People might ask how I’d feel if it were my child, and I don’t know for sure; but I have to say, it would probably not be very likely this would have been my child, not for this. As soon as I realized that my son wanted shiny red ruby slippers much more than a shiny red fire truck, I started trying to inoculate him against this happening. I saw too many young men of my generation die, and be buried in secrecy and shame, because their families didn’t want anyone to know they were gay, not even in death.

    If my son was going to die as a result of what he was, I’d make sure everyone knew it.

    So by the time he was started college, if something like that had happened, I think it would be more likely he would have been out signing autographs. For better or worse, he’s very pleased with himself.

    I’m not saying that Ravi’s actions were kind or smart–but I can look around at relatives and former classmates I would have considered “mean girls” at that age, and today, they are probably among the crowds howling for blood. Memories can be short.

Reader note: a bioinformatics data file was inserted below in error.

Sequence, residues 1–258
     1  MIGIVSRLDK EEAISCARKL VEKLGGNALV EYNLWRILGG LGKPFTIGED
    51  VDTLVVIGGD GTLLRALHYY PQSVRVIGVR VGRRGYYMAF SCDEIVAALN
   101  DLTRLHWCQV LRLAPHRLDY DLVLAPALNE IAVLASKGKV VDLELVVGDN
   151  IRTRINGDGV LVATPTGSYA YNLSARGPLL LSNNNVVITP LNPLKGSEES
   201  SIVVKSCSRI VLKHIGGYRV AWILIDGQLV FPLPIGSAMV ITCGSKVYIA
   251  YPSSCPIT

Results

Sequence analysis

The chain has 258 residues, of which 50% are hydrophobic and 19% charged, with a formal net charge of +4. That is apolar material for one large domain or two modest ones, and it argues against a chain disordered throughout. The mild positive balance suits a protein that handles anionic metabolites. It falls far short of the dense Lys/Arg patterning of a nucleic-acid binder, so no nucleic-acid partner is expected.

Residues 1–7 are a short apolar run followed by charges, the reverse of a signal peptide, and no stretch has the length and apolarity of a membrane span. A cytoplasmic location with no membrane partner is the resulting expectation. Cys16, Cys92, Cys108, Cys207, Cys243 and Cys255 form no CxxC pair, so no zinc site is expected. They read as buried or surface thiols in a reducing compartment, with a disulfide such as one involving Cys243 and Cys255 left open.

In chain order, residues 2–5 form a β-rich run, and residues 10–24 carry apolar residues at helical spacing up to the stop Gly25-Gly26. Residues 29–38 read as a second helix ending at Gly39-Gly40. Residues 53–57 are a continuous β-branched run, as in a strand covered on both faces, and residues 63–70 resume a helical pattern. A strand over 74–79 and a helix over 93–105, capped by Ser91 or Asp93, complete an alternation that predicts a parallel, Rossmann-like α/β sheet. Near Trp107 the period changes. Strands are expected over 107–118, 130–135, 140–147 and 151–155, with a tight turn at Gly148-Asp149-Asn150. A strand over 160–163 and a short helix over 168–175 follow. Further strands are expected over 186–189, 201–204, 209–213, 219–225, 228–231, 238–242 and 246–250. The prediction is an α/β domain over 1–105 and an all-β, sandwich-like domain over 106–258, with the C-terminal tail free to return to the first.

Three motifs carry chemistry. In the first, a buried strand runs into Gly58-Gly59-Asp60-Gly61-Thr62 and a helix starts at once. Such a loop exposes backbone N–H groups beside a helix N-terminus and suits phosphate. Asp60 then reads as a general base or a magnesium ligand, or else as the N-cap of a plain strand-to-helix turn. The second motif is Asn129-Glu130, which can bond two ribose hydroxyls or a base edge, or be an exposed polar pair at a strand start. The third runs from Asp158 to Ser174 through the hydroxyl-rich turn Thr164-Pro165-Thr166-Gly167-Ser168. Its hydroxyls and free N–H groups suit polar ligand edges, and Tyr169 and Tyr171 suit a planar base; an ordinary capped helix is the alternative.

No matter what the verdict or sentence, no one will really be happy. So maybe more good could be done by identifying all those who had a hand in the attitudes that touched off the chain of events that led to Tyler Clementi’s suicide.

    Naturally, there can be no question of prosecution. There aren’t enough lawyers or enough jails. But letting them know they haven’t escaped notice should be the first step. Then they can’t make claims of “forgive me, I didn’t know what I was doing.” They know perfectly what they’re doing, the goal is to see that everyone else does as well.

  8. MikeBoston says

    I feel it is important to point out that of all the many crimes this guy was charged with, he was not charged with anything related to the death of Clementi.